CINCINNATI (AP) — Two federal judges yesterday barred
Republican Party representatives from challenging the eligibility
of voters at polling places on election day.

U.S. District Judge Susan Dlott said a black couple suing over
such challenges would probably be able to prove them
unconstitutional. In a similar case in Akron, U.S. District Judge
John Adams said it is up to regular poll workers to determine if
voters are eligible.

“In light of these extraordinary circumstances, and the
contentious nature of the imminent election, the court cannot and
must not turn a blind eye to the substantial likelihood that
significant harm will result not only to voters, but also to the
voting process itself, if appointed challengers are permitted at
the polls,” Adams said.

Republicans wanted to put challengers in many polling places,
citing the possibility of tens of thousands of fraudulent voter
registrations in a state both President Bush and Democratic Sen.
John Kerry say they need to win. The Democrats argued that such
challenges were aimed at intimidating black voters and suppressing
Democratic turnout.

The GOP filed an appeal with a federal appeals court.

State Republican Party lawyer Mark Weaver said Republican
poll-watchers will still be allowed to be present at polling places
to watch and take notes.

Dlott ruled on a lawsuit by a black couple who said Republican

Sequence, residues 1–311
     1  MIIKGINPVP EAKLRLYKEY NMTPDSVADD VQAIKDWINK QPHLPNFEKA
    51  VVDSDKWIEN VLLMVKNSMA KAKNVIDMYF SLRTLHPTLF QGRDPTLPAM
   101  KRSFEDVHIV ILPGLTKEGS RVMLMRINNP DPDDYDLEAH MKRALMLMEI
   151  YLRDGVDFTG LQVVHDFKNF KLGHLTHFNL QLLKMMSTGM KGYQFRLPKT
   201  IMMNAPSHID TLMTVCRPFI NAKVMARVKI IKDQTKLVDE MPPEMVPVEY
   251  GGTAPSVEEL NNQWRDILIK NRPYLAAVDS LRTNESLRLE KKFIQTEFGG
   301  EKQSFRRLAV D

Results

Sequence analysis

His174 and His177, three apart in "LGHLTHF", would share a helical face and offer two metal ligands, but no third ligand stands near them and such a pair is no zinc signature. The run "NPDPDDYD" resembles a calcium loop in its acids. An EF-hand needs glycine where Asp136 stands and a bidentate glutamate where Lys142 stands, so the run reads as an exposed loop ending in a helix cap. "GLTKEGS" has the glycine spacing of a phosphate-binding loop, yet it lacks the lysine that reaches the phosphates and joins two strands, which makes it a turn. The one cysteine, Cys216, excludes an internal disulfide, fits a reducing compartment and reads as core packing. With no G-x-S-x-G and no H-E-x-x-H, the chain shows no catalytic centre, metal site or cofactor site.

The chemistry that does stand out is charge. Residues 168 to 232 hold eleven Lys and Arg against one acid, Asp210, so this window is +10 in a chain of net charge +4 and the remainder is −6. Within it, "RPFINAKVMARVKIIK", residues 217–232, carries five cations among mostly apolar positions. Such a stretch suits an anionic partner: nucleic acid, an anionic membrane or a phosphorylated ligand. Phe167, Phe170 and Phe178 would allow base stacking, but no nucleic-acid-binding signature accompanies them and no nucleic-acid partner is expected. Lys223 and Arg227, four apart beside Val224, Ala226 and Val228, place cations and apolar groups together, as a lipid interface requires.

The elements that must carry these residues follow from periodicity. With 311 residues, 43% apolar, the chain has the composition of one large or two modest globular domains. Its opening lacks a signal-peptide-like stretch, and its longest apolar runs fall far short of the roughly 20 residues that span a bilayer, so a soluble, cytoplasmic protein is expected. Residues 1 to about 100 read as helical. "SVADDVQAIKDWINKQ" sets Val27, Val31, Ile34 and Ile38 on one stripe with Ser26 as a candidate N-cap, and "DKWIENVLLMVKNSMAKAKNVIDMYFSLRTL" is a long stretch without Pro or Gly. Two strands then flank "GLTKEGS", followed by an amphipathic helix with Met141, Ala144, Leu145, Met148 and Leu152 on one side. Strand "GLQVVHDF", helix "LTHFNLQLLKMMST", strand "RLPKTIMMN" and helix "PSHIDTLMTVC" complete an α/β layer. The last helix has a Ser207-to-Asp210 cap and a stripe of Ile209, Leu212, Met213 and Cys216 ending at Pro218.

plans to deploy challengers in largely black precincts in the
Cincinnati area was meant to intimidate black voters.

Adams’ ruling came in a lawsuit from the Akron-area
Democratic Party, which claimed that the law allowing registration
challenges is unconstitutional because it does not give a
disqualified voter a chance to appeal in time to cast a ballot.

The GOP registered about 3,500 challengers. The Democrats said
they have registered thousands, too.

If the challengers are barred from polling places, the only
people under state law who could then issue challenges to would-be
voters would be the four election officers at each precinct, two
Republican and two Democrat, or another voter.

Under state law, voters may be challenged on their citizenship,
age or residency. Poll workers might challenge someone if his or
her signature did not match the one in the poll book, or if the
poll worker recognized the individual as someone who did not belong
in that precinct.

In a separate case last week, Dlott blocked Ohio’s
Republicans from holding pre-election hearings to challenge tens of
thousands of voter registrations. The GOP had claimed that many of
those registrations might be fraudulent, because mail sent to some
of those addresses came back undelivered.

Democrats said the GOP was trying to keep poor people and
minorities, who move more often, from voting.

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